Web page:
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Back to school is the right thing to do, but we face an uphill battle to regain the ground lost to Covid-19


Prof Michael le Cordeur is Vice-Dean Teaching and Learning in the Faculty of Education at the University of Stellenbosch. He is deputy chair of the Stigting vir die bemagtiging deur Afrikaans.

It will be extremely difficult to eradicate the educational backlog that has built up, but teachers — those who still see teaching as a calling — have now proven that they can achieve miracles. Thus, we are holding our breath.

The announcement by Minister of Basic Education Angie Motshekga that all learners had to return to school from Monday 7 February 2022 is to be welcomed.

Some of the other important lockdown regulations which were altered by Cabinet and are immediately effective include that people who get Covid-19 but are asymptomatic, no longer have to isolate. For those who test positive for Covid-19 but do show symptoms, the isolation period is decreased from 10 to seven days and contacts no longer have to isolate.

Educationally accountable

The educational arguments in favour of a return to school are overwhelming. The main one is that school time is lost and this leads to large school learning losses. It is especially the school subjects like languages and maths which are hardest hit because these subjects require that learners must be in school regularly.

I am often asked if we will ever eradicate the backlogs. Personally, I think that it will be extremely difficult, but teachers — I am referring to those who still see teaching as a calling — have now proven that they can achieve miracles. Thus, we are holding our breath.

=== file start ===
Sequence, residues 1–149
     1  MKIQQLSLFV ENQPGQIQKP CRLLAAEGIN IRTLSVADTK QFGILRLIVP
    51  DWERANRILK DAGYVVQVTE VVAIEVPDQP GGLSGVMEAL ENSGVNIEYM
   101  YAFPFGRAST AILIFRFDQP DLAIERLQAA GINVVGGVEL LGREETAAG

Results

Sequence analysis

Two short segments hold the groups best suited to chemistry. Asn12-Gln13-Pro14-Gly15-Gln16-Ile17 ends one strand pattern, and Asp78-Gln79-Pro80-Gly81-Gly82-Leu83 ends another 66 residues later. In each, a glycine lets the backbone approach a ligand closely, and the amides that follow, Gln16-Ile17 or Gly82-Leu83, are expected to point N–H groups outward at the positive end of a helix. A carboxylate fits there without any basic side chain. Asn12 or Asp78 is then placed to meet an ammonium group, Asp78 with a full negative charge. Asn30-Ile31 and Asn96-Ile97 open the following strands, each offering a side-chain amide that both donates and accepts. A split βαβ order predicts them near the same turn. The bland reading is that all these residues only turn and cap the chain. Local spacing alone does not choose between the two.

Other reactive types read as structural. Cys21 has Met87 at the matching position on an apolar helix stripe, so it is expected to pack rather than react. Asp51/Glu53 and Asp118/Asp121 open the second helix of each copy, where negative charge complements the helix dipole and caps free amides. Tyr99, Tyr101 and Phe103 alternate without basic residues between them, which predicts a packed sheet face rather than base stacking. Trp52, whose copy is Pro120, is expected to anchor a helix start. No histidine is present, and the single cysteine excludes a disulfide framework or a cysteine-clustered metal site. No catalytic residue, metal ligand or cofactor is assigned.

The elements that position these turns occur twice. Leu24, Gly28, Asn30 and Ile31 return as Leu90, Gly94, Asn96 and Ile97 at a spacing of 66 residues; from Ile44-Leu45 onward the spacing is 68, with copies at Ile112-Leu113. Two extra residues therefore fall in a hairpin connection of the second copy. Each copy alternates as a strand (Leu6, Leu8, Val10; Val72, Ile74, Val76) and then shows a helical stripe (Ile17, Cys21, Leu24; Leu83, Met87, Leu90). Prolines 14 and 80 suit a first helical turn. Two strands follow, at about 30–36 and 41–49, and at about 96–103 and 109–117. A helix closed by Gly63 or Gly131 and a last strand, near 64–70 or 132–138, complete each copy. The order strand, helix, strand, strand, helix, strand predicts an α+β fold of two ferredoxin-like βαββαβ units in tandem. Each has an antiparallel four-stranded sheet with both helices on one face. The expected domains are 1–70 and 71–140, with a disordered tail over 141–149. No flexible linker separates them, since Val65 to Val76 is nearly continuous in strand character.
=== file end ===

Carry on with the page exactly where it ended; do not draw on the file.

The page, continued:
Social challenges

There are also social matters which have deteriorated due to the rotation system, under which learners only went to school on alternate days or weeks. In discussions with teachers, principals and subject advisors I was informed that the absence of learners (and dare I say some teachers) had caused them to lose the culture of getting up for school every day.

I also hear that learners’ discipline has drastically deteriorated and that learners in the foundation phase where skills have to be acquired do not have the required attention span. This will further complicate the catching up of backlogs. Here I refer especially to learners in our poorer areas who also suffer from other negative environmental factors.

Focus on skills

It will require a huge effort from education authorities but also the broader society to reverse the current state of affairs. I can only hope that schools and especially education authorities will adapt their teaching and even their policies to make provision for this. A curriculum is a human-made construct and we can, and should, adapt it as circumstances dictate. Therefore, the emphasis in the next few years must fall on numeracy (maths) and languages. Especially the home language requires attention because it will play a big role in conceptualising new knowledge and thus catching up the backlog.